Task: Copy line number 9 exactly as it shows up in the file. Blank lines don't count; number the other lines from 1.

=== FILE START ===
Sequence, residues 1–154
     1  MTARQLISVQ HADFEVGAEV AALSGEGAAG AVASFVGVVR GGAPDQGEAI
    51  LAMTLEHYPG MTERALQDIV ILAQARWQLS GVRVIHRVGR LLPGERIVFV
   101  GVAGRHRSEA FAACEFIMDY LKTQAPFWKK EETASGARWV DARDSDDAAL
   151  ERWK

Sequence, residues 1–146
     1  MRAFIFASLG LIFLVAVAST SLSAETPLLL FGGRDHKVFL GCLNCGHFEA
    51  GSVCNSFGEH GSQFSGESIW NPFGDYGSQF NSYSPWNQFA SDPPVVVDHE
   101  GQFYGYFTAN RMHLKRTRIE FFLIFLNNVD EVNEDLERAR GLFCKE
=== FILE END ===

   101  GQFYGYFTAN RMHLKRTRIE FFLIFLNNVD EVNEDLERAR GLFCKE